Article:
These screen-capture tips provide built-in and add-on solutions to just about anything you might wish to snap.
Capturing good screenshots in Mac OS X requires some experimentation. If you simply want to capture the screen for reference later on, you can do it easily with the built-in screen-capture tool. However, if you are a professional writer or a student preparing that term paper and need great-looking screen shots, you have to spend a little more time exploring your options.
These screen capture tips provide built-in and add-on solutions to just about anything you might wish to snap.
-Shift-3 and a PDF grab of your current
view will appear on your desktop. Screenshots are numbered
sequentially, such as
Picture 2.pdf, and so on.
To capture a particular region of the screen, type
-Shift-4 and highlight — using click-and-drag — whatever portion of the screen you’d like, as shown in Figure 4-26.
An extension to region grabbing is snagging a picture of a particular window or dialog box. Press
-Shift-4, then the spacebar; any window you run your mouse over will be highlighted. Click to capture it. You can toggle back and forth between region and window modes by pressing the spacebar.
While the built-in screen-capture tool is good enough for just about all purposes, it has a couple of drawbacks. It doesn’t capture the mouse pointer in any of the screenshots — not even optionally (see Figure 4-27). This is a bust for technical writers explaining the operation of menus, buttons, and so forth. Second, while PDF is the be-all and end-all of all things GUI under Mac OS X, I need my screenshots in PNG or TIFF. Sure, I can convert them using Preview or the like [Hack #51], but that’s an extra step I simply shouldn’t have to take.
Mac OS X bundles a little utility called Grab (Applications → Utilities → Grab) which supports three modes of screen capture: screen, selection (a.k.a. region), and timed screen (captures the entire screen after a specific time interval). Unlike its built-in counterpart, Grab saves to TIFF format and optionally includes mouse pointers in its captures; it even allows you to specify a preferred pointer (Grab → Preferences), as shown in Figure 4-28.
There is one problem that I noticed with the selection capture. In order to capture an active window using the selection mode, you need to switch to Grab first. Yet doing so makes the window inactive and fall to the background. Now, when I do a selection grab, I want to capture the window in its active state.
The selection grab will also display the size of the image you are capturing at the bottom right corner of the selection region. This is useful if you need to capture images of an exact size. One gripe though: you can’t create a region of a particular size and then move it about.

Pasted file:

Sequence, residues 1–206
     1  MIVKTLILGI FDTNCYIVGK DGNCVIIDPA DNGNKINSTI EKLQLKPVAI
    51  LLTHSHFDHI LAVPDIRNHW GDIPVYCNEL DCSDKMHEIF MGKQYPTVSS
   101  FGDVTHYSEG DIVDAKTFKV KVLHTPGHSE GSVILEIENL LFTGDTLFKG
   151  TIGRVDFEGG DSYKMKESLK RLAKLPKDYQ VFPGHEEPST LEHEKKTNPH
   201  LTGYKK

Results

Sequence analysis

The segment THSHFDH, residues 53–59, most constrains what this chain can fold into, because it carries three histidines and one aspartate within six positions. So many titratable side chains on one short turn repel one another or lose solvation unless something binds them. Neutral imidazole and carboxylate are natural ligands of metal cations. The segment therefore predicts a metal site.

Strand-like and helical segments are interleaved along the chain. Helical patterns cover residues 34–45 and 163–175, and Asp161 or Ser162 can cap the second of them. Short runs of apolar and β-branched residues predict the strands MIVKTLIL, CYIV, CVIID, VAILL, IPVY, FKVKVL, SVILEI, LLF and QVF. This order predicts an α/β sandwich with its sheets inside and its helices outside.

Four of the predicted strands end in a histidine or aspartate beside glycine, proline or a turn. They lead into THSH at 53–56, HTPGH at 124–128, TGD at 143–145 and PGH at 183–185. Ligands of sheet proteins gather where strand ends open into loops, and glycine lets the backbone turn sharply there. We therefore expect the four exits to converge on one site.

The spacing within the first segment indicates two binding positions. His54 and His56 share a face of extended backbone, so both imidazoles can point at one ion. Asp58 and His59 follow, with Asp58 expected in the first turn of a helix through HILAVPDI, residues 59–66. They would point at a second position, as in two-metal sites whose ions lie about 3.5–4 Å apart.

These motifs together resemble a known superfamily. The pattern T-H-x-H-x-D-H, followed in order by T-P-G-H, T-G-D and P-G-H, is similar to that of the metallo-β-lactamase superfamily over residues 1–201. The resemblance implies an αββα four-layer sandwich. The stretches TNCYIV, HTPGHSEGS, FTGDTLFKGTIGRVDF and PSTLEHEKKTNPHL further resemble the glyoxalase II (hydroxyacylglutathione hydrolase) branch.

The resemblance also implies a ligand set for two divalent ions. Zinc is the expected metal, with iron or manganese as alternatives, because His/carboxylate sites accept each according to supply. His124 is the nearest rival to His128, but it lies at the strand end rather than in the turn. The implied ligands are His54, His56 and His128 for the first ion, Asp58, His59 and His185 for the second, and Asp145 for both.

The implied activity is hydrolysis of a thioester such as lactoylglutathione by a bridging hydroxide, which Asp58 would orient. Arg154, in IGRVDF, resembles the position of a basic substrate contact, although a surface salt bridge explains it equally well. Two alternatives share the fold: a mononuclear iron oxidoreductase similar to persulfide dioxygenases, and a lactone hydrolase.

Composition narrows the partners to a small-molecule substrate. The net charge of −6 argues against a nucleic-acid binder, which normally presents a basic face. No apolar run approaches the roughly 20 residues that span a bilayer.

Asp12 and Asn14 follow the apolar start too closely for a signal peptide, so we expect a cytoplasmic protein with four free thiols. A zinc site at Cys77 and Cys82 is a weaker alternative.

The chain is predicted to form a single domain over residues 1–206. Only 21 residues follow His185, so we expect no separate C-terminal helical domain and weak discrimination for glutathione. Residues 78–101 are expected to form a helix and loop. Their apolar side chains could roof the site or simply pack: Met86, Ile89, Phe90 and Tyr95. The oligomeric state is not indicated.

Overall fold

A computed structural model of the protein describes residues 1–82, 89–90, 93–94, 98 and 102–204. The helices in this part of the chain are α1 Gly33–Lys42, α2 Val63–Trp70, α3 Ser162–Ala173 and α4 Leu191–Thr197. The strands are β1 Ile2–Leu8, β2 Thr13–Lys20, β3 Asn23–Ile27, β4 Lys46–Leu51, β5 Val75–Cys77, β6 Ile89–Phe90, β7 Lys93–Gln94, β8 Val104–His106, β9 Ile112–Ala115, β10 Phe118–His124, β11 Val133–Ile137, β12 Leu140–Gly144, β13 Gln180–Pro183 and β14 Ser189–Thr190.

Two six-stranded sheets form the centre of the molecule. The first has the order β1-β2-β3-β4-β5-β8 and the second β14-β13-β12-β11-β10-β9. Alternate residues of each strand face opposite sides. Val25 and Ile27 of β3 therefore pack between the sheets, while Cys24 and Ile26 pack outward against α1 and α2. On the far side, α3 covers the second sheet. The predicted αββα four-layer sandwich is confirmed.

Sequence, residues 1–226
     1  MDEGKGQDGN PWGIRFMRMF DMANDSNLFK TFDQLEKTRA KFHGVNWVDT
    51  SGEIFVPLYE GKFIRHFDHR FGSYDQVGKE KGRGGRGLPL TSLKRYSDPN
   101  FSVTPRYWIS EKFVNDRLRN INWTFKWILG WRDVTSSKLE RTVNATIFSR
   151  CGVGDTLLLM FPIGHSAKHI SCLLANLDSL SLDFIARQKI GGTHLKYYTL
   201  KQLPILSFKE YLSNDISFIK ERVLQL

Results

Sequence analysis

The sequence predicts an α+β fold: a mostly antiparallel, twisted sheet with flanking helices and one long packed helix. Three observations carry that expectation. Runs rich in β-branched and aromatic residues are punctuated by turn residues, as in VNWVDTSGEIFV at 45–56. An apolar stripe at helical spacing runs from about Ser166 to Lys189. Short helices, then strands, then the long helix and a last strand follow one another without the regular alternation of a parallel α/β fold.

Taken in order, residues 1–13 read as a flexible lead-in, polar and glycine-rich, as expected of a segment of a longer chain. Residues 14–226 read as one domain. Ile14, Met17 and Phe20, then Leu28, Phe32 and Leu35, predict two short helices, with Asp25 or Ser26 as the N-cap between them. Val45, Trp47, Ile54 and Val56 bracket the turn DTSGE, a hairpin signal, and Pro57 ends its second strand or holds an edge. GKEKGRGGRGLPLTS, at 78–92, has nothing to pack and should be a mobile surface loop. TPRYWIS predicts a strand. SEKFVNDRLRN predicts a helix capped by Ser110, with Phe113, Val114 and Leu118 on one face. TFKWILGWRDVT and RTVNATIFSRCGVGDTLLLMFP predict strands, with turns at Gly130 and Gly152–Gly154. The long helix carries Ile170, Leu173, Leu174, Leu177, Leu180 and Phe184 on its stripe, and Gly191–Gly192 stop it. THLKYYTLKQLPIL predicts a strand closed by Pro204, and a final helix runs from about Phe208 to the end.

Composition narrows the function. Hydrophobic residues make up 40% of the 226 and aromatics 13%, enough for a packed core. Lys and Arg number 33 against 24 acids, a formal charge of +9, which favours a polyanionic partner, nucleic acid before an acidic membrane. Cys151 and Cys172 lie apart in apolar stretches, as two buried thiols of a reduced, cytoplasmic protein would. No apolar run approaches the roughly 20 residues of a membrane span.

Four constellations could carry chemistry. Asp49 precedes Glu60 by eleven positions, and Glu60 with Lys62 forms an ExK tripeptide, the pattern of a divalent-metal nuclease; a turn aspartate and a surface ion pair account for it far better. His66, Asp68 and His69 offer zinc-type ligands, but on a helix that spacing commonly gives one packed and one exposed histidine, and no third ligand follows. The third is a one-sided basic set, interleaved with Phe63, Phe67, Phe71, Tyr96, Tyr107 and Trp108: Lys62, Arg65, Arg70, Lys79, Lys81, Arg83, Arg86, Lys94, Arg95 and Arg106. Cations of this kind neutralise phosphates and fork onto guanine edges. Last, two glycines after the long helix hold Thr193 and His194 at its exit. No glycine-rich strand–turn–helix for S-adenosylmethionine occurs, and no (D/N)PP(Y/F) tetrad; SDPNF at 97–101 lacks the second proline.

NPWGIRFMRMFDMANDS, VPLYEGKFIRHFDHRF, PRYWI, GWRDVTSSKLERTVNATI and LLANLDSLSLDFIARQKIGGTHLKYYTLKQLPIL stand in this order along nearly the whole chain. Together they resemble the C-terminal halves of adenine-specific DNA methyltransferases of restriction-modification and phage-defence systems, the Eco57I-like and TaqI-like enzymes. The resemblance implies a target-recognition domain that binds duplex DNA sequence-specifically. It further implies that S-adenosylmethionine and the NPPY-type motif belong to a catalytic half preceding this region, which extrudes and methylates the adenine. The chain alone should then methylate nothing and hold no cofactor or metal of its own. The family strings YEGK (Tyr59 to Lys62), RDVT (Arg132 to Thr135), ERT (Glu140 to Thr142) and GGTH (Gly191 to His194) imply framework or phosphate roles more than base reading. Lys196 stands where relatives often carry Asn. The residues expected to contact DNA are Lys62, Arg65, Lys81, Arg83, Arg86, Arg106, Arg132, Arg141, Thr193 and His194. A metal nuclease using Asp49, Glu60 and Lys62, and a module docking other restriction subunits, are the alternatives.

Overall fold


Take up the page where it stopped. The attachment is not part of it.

The ultimate screen-capture utility is Snapz Pro X ($29, $49 with movie-capture support; 30-day demo available) from Ambrosia Software Inc. (http://www.ambrosiasw.com/utilities/snapzprox/). It sports customizability and multiple output formats, and it grabs the screen as you see it, including or excluding that pesky mouse arrow, at will.
Set up your shot and press
-Shift-3 (customizable) to freeze the screen and take care of the details, as shown in Figure 4-29. You can choose the entire screen, objects (windows or icons), or a region, even during Quicktime and DVD movie playback (the built-in screen capture featrure is disabled while DVD Player is active).
Selection capture, coming after you’ve set up your screen just the way you like it (see Figure 4-30), allows you to take your time to mark out and alter the region before double-clicking it to take the final shot.
Snapz Pro X can even capture the drop-shadows beneath a window. Simply change the Border option under Image Options to Drop Shadow. Prior to Snapz Pro X, I’d always have to switch the background to white to capture the nice shadow around the window without including a slice of my desktop image.
There’s so much more to Snapz Pro X — like recording screen activities as a QuickTime movie for purposes such as product demos — that it’s difficult to do it justice in this quick overview. Download the 30-day trial and give it a whirl yourself.
[Hack #48] comes with a command-line version of the built-in
screen-capture utility, aptly named
. For usage instructions,
simply invoke it on the command line:
screencapturescreencapture: illegal usage, file required if not going to clipboard usage: screencapture [-icmwsWx] [file] [cursor] -i capture screen interactively, by selection or window control key - causes screen shot to go to clipboard space key - toggle between mouse selection and window selection modes escape key - cancels interactive screen shot -c force screen capture to go to the clipboard -m only capture the main monitor, undefined if -i is set -w only allow window selection mode -s only allow mouse selection mode -W start interaction in window selection mode -x do not play sounds file where to save the screen capture
To capture the entire screen, type
screencapture ~/Desktop/image.pdf, where
~/Desktop/image.pdf is the path and filename to
which you wish it saved. To capture the screen interactively in
regional or window mode, use
screencapture -i image.pdf, as shown in Figure 4-31.
If you prefer the output to go right to the clipboard rather than an
image file, use
screencapture -c. Of course, you
can use these various command-line options in tandem;
screencapture -ic, for example, is an interactive
screen-capture session, sending the result to the clipboard.
You can grab a screenshot of a remote Mac’s desktop
— or even the login screen — thanks to
screencapture and some not-so-fancy remote access
footwork [Hack #71]. Simply log in to the other Mac
screencapture on the command line,
and copy the resulting screenshots back over to your local Mac.